Database Research Summaries
Characterization of P. sojae and P. sansameana

calendar_today Year of Research: 2019
update Posted On: 04/05/2019
group Anne Dorrance, principal investigator, The Ohio State University; Alison Robertson, Iowa State University; Martin Chilvers, Michigan State University; Kiersten Wise, Purdue University; Emmanuel Byamukama, South Dakota State University; Santiago Mideros Mora, University of Illinois at Urbana-Champaign; James Kurle, Dean Malvick, University of Minnesota; Loren Giesler, University of Nebraska
bookmark North Central Soybean Research Program


Phytophthora sojae root and stem rot are present in many fields across the North Central region and Ontario, Canada, and had been managed successfully with the deployment of single resistance Rps genes. However, an increasing number of reports indicate that varieties with Rps genes are sold that are no longer effective.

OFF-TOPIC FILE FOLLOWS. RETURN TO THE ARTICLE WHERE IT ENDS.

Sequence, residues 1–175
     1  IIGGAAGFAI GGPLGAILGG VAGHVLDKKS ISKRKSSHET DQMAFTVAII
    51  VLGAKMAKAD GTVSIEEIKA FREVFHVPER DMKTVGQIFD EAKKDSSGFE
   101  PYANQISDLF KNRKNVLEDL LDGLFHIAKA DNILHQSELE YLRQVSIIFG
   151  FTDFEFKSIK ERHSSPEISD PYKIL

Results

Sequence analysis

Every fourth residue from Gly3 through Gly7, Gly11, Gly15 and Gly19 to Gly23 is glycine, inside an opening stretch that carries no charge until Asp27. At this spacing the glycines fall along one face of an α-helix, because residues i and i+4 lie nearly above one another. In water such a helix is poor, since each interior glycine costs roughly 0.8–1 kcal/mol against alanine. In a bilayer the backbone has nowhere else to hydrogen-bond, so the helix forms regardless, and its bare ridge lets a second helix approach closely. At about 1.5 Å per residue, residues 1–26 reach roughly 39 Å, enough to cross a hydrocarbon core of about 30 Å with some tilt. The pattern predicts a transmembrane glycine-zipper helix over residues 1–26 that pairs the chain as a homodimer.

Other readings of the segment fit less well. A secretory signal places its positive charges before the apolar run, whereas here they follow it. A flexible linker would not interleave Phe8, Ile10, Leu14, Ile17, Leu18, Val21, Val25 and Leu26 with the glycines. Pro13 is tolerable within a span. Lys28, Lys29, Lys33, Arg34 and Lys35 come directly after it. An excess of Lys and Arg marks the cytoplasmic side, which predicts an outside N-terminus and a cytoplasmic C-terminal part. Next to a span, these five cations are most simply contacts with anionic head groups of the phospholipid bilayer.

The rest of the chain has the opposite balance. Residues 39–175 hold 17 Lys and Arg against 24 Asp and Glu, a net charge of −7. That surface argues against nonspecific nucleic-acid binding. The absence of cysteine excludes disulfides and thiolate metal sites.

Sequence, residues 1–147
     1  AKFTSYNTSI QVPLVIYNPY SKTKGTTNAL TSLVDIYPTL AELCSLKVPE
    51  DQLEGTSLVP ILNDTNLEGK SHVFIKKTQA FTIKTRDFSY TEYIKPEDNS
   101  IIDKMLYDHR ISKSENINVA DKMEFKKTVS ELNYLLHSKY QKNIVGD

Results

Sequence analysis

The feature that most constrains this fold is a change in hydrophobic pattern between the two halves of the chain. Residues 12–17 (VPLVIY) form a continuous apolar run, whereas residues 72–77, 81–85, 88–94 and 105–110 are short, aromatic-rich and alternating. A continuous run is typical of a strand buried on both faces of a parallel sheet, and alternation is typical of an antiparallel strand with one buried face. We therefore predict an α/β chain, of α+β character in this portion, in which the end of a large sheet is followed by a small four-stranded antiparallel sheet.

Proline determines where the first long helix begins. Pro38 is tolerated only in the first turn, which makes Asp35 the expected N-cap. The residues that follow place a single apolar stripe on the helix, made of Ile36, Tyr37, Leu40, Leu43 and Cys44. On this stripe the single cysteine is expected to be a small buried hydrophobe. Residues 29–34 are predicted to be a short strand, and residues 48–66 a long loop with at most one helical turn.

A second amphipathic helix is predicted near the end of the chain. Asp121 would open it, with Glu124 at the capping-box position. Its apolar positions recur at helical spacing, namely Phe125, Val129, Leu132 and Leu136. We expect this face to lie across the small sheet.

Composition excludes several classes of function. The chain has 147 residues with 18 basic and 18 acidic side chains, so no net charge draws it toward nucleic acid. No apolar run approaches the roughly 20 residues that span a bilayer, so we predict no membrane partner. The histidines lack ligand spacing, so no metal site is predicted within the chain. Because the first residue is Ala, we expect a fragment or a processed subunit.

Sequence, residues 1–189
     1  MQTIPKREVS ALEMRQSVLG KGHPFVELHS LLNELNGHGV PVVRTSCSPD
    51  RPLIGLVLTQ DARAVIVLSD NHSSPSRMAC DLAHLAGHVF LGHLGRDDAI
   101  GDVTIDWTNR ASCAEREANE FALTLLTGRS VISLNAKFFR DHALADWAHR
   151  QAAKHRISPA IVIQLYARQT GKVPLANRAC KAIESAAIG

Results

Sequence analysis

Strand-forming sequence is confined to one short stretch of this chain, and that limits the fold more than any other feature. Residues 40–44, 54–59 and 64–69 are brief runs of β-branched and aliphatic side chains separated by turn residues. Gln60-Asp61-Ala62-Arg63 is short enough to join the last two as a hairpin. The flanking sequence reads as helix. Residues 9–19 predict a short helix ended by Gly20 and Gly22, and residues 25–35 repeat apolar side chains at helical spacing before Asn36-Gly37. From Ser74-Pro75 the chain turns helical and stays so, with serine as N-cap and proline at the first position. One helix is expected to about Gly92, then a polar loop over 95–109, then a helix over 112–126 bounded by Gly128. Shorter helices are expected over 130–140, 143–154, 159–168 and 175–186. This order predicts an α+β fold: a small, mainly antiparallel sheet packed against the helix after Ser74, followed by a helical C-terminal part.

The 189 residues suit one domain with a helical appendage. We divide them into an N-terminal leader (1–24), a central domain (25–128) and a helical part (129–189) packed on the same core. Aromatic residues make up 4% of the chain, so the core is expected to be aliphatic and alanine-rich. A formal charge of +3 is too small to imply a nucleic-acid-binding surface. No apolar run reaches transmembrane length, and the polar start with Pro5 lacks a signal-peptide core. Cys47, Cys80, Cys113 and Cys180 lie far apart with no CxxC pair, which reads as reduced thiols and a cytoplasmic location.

Findings from a 2013 study indicate that a more thorough assessment of the P. sojae populations in the North Central region is needed. State populations of  P. sansameana will also be examined for host range, resistance in current soybean cultivars and efficacy of seed treatment fungicides.


After collecting and analyzing soil samples from nine states, multiple P. sojae isolates were recovered and some pathotyping has begun. The high number of locations in the survey provide current knowledge of the level of virulence against certain Rps genes, which is valuable in determining which Rps genes should be used to maintain effective levels of resistance.

2019 NCSRP Annual Report summary


Keeping up to date on how to ensure P. sojae root and stem rot is managed successfully will improve profitability of the North Central region soybean farmer. Improving plant health and reducing the incidences of disease will only improve plant health and yield.

For more information about this research project, please visit the National Soybean Checkoff Research Database.

Funded in part by the soybean checkoff.